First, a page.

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By the author of The Faithful Prepper and Zombie Choices.
We’ve talked before a bit about emergency sleeping bags and some of my thoughts on those. They’re okay, and they get the job done more-or-less, but they are certainly no substitute for an actual sleeping bag. And let’s be clear, you do need a sleeping bag in your BOB. Even in summertime, the outdoors gets cold at night.
But here are the problems:
Sleeping bags are typically incredibly bulky. Unless you’re carrying a full-sized hiking backpack with you everywhere, you’re not going to be able to fit them.
There are more packable sleeping bags out there, but they’re incredibly expensive. Unless you feel like dropping $200-300, they’re going to be out of reach.
And that’s where we find ourselves in something of a dilemma. We do need a bag, but we need something that will pack down to a reasonable size, and that won’t break the bank in the process. I’ve spent a lot of nights out in the woods, and so far, I can say that I think one of your best options to fulfill these needs is the Snugpak Jungle Bag.
For starters, this pack easily packs down to smaller than a basketball.
That’s a game-changer in the world of sleeping bags. You can easily fit this bag into an assault bag without running out of space. That’s not even on the table with the sleeping bags you’re going to find at your local hiking store.
I packed this out for a night hammock camping deep in the mountains just the other day and was thoroughly impressed here. Typically, I’m the oddball that prefers an external frame hiking backpack. I always strap my sleeping bag into an external hammock/carriage that’s mounted onto the bottom of my pack, right at the top of the hip.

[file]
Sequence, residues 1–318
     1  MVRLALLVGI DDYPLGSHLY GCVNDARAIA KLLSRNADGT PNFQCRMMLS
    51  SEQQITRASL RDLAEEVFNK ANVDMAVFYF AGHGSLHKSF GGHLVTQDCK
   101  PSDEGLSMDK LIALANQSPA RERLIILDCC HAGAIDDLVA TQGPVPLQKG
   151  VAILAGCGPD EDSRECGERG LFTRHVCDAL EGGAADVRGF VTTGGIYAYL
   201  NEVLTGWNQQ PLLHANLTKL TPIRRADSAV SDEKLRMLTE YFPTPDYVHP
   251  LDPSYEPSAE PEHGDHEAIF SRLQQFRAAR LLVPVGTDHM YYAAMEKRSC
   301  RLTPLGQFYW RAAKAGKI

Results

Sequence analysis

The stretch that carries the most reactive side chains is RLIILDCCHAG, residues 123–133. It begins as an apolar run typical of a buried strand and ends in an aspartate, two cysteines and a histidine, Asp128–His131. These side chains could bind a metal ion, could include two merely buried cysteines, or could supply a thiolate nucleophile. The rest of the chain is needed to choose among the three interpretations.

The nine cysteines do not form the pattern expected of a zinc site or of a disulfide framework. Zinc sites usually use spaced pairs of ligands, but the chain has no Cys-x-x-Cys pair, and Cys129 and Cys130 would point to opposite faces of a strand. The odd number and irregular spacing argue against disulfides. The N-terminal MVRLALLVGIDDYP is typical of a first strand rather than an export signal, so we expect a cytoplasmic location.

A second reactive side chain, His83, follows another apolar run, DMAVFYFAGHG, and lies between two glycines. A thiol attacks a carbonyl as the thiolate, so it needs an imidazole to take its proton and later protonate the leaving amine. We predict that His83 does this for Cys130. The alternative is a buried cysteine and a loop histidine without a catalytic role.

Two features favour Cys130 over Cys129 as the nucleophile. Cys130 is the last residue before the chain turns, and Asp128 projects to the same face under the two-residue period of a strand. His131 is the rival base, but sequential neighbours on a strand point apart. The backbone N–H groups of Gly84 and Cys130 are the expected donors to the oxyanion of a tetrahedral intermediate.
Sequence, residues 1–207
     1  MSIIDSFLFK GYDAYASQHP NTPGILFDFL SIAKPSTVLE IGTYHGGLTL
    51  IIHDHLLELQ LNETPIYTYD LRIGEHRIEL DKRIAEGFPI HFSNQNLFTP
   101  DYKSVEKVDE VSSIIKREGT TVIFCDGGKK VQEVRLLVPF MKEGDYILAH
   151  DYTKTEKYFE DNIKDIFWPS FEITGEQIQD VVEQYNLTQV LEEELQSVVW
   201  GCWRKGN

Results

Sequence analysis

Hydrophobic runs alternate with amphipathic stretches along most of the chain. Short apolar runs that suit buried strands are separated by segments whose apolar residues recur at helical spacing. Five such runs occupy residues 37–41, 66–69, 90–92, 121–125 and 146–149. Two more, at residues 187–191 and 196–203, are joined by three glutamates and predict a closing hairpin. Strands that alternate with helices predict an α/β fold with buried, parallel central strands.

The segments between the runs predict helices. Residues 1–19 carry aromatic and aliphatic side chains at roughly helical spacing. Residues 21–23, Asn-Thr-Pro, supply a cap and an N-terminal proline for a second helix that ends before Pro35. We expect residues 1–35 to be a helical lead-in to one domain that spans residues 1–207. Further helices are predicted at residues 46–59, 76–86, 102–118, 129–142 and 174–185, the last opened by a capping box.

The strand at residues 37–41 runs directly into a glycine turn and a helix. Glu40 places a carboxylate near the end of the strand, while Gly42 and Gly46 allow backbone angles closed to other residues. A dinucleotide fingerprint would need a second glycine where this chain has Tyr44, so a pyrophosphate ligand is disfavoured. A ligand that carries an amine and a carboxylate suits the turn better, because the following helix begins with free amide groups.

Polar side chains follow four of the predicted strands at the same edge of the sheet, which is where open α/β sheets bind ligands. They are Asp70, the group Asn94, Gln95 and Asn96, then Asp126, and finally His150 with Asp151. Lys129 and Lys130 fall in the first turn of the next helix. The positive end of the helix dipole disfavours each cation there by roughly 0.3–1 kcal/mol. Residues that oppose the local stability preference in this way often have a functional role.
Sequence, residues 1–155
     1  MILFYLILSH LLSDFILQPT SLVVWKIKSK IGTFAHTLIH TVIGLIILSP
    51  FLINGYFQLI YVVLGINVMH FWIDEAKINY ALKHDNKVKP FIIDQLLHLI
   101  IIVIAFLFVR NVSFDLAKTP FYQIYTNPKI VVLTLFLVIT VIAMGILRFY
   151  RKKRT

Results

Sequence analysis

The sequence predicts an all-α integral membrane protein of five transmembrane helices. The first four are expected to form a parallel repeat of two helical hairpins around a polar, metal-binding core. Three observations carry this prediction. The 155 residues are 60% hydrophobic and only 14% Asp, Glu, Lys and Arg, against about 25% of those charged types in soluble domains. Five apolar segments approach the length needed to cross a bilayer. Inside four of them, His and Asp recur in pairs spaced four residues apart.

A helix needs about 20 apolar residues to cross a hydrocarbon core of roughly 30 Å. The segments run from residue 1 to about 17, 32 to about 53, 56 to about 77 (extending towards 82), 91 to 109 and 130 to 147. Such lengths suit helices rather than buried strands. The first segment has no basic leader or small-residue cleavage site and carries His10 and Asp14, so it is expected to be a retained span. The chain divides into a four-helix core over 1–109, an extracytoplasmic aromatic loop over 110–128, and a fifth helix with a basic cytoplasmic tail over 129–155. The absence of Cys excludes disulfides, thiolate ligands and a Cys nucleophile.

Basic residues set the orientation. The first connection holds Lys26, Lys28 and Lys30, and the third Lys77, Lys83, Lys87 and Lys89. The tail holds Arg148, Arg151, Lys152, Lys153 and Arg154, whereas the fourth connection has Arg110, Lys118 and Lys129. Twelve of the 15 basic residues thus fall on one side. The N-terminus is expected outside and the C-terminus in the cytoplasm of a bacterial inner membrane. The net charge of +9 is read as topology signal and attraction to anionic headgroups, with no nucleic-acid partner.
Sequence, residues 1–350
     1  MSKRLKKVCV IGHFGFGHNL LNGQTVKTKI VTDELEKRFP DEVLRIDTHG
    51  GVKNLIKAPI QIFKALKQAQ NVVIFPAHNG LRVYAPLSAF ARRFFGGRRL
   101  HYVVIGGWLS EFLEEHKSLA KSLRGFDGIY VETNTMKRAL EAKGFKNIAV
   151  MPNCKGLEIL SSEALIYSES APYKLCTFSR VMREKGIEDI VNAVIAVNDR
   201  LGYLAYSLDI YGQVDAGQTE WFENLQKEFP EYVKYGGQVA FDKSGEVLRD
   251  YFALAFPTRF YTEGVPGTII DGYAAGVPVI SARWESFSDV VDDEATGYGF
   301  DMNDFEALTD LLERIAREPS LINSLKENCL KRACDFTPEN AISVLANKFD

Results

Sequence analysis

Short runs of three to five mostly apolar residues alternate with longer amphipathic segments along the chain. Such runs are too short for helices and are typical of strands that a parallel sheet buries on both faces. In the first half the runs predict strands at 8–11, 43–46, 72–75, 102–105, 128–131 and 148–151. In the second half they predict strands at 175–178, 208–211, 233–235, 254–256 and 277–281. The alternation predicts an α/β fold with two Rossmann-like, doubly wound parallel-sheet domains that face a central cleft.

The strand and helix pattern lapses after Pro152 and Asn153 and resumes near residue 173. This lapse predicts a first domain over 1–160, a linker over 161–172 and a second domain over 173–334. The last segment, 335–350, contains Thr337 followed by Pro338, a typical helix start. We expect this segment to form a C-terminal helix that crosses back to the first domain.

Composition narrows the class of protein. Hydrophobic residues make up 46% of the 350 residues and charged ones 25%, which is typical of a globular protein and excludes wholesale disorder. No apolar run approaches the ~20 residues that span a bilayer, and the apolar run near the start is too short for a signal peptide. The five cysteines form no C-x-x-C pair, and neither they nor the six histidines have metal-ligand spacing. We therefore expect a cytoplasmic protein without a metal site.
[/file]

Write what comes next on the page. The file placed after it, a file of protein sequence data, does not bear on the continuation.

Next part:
The Jungle Bag was actually too small to fit there. Even with the straps tightened down as far as they could go, the Jungle Bag would just slide right out. To me, one of the reasons I love external frames is that I don’t have to unpack everything to get to sleep at night. The sleeping bag is right there. I don’t like having to stuff in two basketballs’ worth of sleeping bag and try to find space for everything else as well.
This bag was small enough that I didn’t have to worry about all that. It actually has me considering looking into picking up an internal frame pack (You get better balance with them than you do with external frames. External frame packs have a bit of sway to them – not ideal when moving over rocky terrain.) If I can stuff a teeny sleeping bag into an internal frame without having to worry about how much space it takes up – that’s a huge benefit to me.
If you’re the kind of person that does a lot of traveling and likes to keep a sleeping bag in your car just in case, this is an easy toss-it-in-the-trunk-and-forget-it type of bag that will help to keep you prepared without hogging up all your space as well.
Humidity was easily 80+% when I went out, and temperatures were easily 80+ degrees Fahrenheit as well. In other words, it was dang hot to be backpacking with a 30+ pound pack up a mountain.
It was so hot, in fact, that I found myself drenched in sweat just laying in my hammock on top of the sleeping bag. I think a large part of this was due to my tarp having a reflective surface on the backside of it and blocking any small amount of wind. This was easily the buggiest place I’ve ever camped in my entire life, though, so I wanted to keep the tarp present to help keep some of the gigantic flying things (I’m pretty sure they were new species.) off my face. One half-dollar-sized thing still found its way to my neck, but I kept the rest at bay.
(Talking about sleeping bags…check out our free QUICKSTART Guide to emergency evacuations.)
The cool thing about this was that I didn’t have a problem with the Jungle Bag sticking to my skin, despite being drenched in sweat.
If I had brought my “normal” sleeping bag with that heat, I would’ve been sleeping on fly paper.